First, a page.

Wednesday, July 22, 2015

Cannabidiol in Asthma Treatment: Now Mice Later Men?

Cannabinoids are components of the Cannabis sativa (marijuana) plant and are known to exert potent anti-inflammatory, immunomodulatory, and analgesic effects through activation of cannabinoid-1 and cannabinoid-2 (CB1 and CB2) receptors located in the central nervous system (CNS) and immune cells, respectively. Cannabidiol (CBD) is the main nonpsychotropic cannabinoid and reported to have beneficial effects in many pathological conditions, including neuropsychiatric disorders and brain inflammatory diseases, without having significant activity on CB1 and CB2 receptors.

Asthma is a disorder of the conducting airways, which contract too much and too easily both spontaneously and in response to a wide range of exogenous and endogenous stimuli. This airway hyper-responsiveness is accompanied by enhanced sensory irritability of airways and increased mucus secretion. Classically, asthma is characterized by chronic airway inflammation and remodeling, hyper-responsiveness, and increase of T-helper cell 2 levels- (Th2-) related cytokines.

Taking a clue form various published results that CBD was shown to have potent immunosuppressive and anti-inflammatory properties, researchers developed a mouse model where they were able to prove protective effect of CBD upon inflammatory response in an animal model of asthma. Researchers determined the levels of 6 cytokines implicated in asthma, which can be divided by the response profiles Th1 (TNF-α and IL-6) and Th2 (IL-4, IL-13, IL-10, and IL-5). Asthma induction resulted in an increase in all cytokines levels when compared to control animals. CBD treatment was able to decrease both Th1 and Th2 cytokines.

Study Design: Rats were immunized by an i.p. injection of 10 µg of chicken ovalbumin (OVA) in 100 µL of aluminum hydroxide (alum) or alum alone. After 14 days, rats were boosted with OVA or alum. Seven days later, rats received aerosol challenges (30 min/for 3 days) with 1% OVA or saline. CBD was suspended in 2% of polyoxyethylenesorbitan monooleate (Tween 80). The solutions were prepared immediately before use and were protected from light during the experimental session. CBD was administered i.p. once a day during the last two days of the OVA challenge at the dose of 5 mg/kg.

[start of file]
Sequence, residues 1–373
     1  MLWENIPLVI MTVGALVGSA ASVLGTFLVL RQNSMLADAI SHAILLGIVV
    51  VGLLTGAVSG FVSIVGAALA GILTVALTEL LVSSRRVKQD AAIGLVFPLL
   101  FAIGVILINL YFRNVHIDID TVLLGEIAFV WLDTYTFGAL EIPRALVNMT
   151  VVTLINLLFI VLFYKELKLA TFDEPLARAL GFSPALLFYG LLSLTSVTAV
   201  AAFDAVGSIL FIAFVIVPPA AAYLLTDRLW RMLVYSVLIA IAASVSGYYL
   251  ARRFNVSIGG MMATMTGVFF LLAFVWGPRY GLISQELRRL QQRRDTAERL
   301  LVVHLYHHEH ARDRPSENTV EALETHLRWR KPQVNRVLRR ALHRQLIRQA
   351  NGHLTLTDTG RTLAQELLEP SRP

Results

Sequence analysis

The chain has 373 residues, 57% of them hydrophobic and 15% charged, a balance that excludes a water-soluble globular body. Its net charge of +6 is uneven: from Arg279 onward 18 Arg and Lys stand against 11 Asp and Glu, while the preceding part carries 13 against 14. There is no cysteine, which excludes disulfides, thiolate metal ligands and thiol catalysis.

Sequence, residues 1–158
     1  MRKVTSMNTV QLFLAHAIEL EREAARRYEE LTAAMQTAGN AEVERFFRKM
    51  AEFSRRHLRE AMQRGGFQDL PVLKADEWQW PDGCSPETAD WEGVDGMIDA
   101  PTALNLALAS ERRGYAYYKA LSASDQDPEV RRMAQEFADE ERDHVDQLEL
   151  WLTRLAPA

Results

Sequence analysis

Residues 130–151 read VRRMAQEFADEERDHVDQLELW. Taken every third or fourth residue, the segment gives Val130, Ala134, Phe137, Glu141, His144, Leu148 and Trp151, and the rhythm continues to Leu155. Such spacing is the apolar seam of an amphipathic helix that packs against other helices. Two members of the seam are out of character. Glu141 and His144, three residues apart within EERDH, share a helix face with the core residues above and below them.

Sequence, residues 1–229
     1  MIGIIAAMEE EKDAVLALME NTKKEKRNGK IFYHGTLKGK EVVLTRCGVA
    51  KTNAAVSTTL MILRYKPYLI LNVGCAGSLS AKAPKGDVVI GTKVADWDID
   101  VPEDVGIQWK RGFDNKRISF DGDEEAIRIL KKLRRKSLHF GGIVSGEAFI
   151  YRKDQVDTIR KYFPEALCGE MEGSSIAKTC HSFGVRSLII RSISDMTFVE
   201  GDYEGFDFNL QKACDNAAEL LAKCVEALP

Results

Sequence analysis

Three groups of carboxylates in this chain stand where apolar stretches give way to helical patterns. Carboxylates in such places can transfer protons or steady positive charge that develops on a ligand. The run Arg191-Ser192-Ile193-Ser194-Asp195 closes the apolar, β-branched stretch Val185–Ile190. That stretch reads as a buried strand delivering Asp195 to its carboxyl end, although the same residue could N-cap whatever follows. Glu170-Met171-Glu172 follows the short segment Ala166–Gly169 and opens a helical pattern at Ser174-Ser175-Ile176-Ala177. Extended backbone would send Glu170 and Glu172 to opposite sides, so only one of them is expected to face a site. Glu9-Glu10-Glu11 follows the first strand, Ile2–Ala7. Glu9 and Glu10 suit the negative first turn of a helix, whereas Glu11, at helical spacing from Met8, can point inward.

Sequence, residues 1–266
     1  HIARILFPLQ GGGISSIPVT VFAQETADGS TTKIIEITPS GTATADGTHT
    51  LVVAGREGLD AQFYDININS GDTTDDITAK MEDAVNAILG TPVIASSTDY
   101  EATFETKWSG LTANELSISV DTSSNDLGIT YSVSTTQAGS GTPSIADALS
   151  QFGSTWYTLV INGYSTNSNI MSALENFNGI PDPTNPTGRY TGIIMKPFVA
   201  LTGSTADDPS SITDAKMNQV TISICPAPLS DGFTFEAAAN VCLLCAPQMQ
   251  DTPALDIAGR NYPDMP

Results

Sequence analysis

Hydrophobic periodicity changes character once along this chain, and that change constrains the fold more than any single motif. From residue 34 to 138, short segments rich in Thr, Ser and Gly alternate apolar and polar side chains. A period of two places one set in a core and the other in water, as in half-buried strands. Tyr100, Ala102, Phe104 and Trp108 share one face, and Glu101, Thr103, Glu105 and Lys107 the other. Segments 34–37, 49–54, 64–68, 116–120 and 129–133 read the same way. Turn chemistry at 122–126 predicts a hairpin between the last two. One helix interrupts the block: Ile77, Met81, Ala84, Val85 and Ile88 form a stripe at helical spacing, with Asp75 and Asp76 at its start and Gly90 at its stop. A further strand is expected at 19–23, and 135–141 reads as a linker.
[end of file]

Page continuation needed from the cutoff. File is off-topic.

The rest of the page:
All treatments were administered in a volume of 1 mL/kg of CBD or vehicle. For this experiment, 21 rats were used, which were randomly divided into three groups: vehicle (control) (n = 7), OVA + vehicle (asthma control) (n = 7), and OVA + CBD (asthma + treatment) (n = 7). Blood samples were obtained 24 hours after the last challenge by decapitation to determine the levels of cytokines.

Important clinical findings using a mice model:

1. CBD treatment significantly decreased the levels of cytokines involved in the immune response to an allergen, such as IL-4 and IL-5: IL-4 is responsible for the inhibition of Th1 cells differentiation and for Th2 cells differentiation and expansion and has an important role in IgE production. In addition, IL-4 seems to be a requisite for T lymphocytes to produce IL-5. IL-5 is essential for the maturation of eosinophils, and it accumulates in the lung during the inflammatory process of asthma.

2. IL-13 was reduced by CBD administration: IL-13 is considered a major stimulus for mucus hypersecretion, an important characteristic of asthma, which contributes to the exacerbation of symptoms.

3. CBD is able to decrease IL-6 levels: IL-6 levels are increased in sputum and systemic circulation in severe asthmatic patients, which can be responsible for the raise of C-reactive protein circulation in these patients.

4. CBD reduced the levels of TNF-α: TNF-α is a major mediator of severe asthma.

The authors were also candid is pointing outs some limitations on their part in not been able to measure lung function and the effect of CBD in bronchoalveolar lavage fluid cytokines, but they are sure that these results can act as a guide for future experiments.

Article citation: Dal-Pizzol, F.; et. al. Evaluation of Serum Cytokines Levels and the Role of Cannabidiol Treatment in Animal Model of Asthma. Mediators Inflamm 2015, 538670.